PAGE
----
I wake early and shower in the dark. It’s relaxing, a rare period of silence as everyone else sleeps. At 6.15am, even in February, there is enough light coming in the bathroom window to see the outline of the tub as I climb in. The large sash window is to my right, the shower head behind me. I put my hand on the single-glazed pane. The glass is soul-shatteringly cold; the water on my back as hot as I can bear. Steam rises around me.
The train is crowded, and I’m standing cheek-by-jowl in the aisle with fellow commuters. Then, quite close by, I hear Afrikaans being spoken. This happens so seldom it takes me a few moments to recognise it. I realise I’m having trouble understanding some of the words; even so, just the sound of it is thick with memory and nostalgia. Suddenly I realise what they’re talking about. Hierdie mense … die swartes … They’re talking about a couple of black passengers nearby, and how their behaviour is ‘typical’ of something. I’ve missed the details, but what does it matter? I can feel the blood rising in my cheeks, I’m burning with shame and anger. It’s common knee-jerk racism, banal racism. They don’t whisper, they speak loudly, confident there will be nobody within earshot to understand them. I want to expose them, to tell them I understand every word and shout out a translation of their conversation for the whole carriage to hear. But I do nothing. They alight at the next station and disappear into the crowd. I’ve missed my chance. And there you have it: Apartheid-era white South Africa in a nutshell. What did Hannah Arendt say? We are the ‘non-wicked everybody’ who, through our unthinking, plodding acceptance and inaction, are ‘capable of infinite evil’.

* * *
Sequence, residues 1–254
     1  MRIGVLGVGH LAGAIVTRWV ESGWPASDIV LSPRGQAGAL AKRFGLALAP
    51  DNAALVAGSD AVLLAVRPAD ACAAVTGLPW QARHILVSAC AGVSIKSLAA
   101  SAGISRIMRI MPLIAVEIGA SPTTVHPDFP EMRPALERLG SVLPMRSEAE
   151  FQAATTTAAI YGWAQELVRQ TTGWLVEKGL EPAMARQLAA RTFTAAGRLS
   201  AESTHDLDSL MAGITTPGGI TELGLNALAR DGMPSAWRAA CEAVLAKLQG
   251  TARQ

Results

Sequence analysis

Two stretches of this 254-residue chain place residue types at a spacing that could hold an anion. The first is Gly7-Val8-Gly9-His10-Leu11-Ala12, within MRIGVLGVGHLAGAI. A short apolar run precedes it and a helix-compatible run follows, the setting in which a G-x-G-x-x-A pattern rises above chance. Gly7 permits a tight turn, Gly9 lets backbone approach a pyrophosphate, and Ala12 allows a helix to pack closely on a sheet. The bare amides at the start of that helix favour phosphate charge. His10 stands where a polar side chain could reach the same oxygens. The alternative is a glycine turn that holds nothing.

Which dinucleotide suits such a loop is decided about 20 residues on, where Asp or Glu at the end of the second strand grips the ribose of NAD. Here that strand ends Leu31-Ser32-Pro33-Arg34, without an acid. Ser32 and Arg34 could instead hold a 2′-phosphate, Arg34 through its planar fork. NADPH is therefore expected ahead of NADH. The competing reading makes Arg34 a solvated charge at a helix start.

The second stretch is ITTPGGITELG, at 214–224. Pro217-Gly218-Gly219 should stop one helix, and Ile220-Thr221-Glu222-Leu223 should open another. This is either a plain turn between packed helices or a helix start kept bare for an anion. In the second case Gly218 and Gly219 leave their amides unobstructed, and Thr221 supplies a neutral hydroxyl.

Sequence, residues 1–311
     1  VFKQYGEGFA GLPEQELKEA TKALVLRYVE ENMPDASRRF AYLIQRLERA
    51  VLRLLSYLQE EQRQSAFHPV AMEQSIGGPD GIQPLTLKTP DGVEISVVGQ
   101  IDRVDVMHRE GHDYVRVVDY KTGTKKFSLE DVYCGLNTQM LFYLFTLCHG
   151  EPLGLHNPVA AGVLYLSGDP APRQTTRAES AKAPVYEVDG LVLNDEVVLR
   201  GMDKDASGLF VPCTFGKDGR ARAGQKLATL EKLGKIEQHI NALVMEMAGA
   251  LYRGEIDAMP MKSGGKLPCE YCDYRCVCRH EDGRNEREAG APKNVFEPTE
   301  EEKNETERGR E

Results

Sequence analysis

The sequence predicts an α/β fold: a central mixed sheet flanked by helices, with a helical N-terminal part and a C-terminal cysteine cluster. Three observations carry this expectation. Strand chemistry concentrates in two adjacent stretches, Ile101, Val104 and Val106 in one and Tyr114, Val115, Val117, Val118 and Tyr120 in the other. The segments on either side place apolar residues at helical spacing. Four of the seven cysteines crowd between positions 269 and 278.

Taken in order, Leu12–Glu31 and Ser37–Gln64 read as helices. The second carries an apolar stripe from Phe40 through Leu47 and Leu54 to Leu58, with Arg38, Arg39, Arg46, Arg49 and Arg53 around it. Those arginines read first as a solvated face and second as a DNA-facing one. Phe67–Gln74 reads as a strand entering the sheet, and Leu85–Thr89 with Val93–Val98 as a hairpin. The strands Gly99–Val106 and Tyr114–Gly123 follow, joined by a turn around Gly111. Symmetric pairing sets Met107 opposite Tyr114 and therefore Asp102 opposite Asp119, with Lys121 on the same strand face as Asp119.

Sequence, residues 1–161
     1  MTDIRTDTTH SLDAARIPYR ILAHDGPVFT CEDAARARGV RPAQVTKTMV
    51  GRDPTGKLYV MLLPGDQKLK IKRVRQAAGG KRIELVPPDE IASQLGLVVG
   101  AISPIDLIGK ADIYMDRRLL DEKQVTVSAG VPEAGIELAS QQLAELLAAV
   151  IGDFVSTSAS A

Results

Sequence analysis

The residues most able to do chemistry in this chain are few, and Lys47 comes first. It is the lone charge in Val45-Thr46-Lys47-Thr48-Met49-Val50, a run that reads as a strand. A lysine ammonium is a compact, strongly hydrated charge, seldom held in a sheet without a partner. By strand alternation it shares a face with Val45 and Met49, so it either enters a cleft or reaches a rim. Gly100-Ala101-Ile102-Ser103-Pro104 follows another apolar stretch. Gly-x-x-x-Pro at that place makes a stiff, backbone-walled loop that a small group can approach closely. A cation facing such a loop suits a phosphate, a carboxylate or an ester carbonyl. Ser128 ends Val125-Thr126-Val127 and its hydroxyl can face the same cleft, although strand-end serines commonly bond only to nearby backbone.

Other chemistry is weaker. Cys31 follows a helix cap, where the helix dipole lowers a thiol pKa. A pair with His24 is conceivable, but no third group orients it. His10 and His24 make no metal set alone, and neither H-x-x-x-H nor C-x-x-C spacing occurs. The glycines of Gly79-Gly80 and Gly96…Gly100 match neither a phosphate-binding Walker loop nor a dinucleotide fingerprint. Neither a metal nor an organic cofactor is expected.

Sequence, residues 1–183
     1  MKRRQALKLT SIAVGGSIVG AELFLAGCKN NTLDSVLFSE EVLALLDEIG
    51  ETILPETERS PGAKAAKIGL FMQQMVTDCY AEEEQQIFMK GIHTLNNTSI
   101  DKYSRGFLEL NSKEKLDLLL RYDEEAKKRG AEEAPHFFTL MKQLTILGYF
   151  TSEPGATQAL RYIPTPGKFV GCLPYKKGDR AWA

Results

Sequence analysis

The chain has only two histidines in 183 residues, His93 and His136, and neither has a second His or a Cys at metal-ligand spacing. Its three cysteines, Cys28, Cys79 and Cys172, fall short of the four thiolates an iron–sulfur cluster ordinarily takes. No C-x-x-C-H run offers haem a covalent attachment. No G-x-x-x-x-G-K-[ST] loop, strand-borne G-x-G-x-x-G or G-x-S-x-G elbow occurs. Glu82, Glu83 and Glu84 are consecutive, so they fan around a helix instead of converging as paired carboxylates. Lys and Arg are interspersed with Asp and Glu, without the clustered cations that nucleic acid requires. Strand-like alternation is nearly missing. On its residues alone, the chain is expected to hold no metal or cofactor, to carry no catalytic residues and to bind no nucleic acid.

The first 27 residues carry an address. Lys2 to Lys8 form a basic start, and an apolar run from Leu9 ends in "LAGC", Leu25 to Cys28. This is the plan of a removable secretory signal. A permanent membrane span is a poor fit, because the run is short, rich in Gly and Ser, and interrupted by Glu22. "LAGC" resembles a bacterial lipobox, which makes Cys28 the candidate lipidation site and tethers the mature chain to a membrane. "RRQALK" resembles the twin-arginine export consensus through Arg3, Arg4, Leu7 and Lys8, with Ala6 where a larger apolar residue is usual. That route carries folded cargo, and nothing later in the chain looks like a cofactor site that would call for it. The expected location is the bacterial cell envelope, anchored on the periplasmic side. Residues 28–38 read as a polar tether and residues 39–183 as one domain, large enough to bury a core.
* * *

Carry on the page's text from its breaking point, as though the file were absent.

I work for a small magazine, one of those curious blends of humour, news and waffling opinions pieces that seems so much of a bygone era that you’re shocked when you still see it, every so often, on the newsagent’s shelf, shoved in between Private Eye and New Statesman. How we’re still hanging in there is as much a mystery to us as to anyone. In fact how I came to be working here is equally mysterious, as is my job title, which is pending revision and has been for several years. Just over twenty years ago I was newly arrived in London and working as a freelance graphic designer through a specialist temp agency. These were the early Blair years and the economy, and the country, were buoyant. Freelance work was plentiful, everyone was hiring, and I hopped around from studio to studio. I arrived at the magazine for a one-week booking to do basic page layout work. The week was extended to two months, then a couple more. Then a kind of rolling arrangement which continued for several years before I eventually bullied the publisher into taking me on full-time.